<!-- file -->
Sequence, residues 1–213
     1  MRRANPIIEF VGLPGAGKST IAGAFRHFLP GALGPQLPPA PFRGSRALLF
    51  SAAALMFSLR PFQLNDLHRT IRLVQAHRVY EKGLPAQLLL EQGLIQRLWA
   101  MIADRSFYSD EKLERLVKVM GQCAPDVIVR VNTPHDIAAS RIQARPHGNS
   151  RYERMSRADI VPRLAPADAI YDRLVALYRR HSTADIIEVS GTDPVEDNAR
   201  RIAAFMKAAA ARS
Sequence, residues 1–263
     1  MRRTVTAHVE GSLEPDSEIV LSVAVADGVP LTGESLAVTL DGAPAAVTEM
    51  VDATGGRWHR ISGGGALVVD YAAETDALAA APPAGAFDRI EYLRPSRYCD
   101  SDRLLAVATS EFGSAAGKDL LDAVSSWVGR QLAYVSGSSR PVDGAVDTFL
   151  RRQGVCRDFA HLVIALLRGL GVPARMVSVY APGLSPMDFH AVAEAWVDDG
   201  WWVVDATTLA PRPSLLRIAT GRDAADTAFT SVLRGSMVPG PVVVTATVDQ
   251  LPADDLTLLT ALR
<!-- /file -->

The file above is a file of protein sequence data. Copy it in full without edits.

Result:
Sequence, residues 1–213
     1  MRRANPIIEF VGLPGAGKST IAGAFRHFLP GALGPQLPPA PFRGSRALLF
    51  SAAALMFSLR PFQLNDLHRT IRLVQAHRVY EKGLPAQLLL EQGLIQRLWA
   101  MIADRSFYSD EKLERLVKVM GQCAPDVIVR VNTPHDIAAS RIQARPHGNS
   151  RYERMSRADI VPRLAPADAI YDRLVALYRR HSTADIIEVS GTDPVEDNAR
   201  RIAAFMKAAA ARS
Sequence, residues 1–263
     1  MRRTVTAHVE GSLEPDSEIV LSVAVADGVP LTGESLAVTL DGAPAAVTEM
    51  VDATGGRWHR ISGGGALVVD YAAETDALAA APPAGAFDRI EYLRPSRYCD
   101  SDRLLAVATS EFGSAAGKDL LDAVSSWVGR QLAYVSGSSR PVDGAVDTFL
   151  RRQGVCRDFA HLVIALLRGL GVPARMVSVY APGLSPMDFH AVAEAWVDDG
   201  WWVVDATTLA PRPSLLRIAT GRDAADTAFT SVLRGSMVPG PVVVTATVDQ
   251  LPADDLTLLT ALR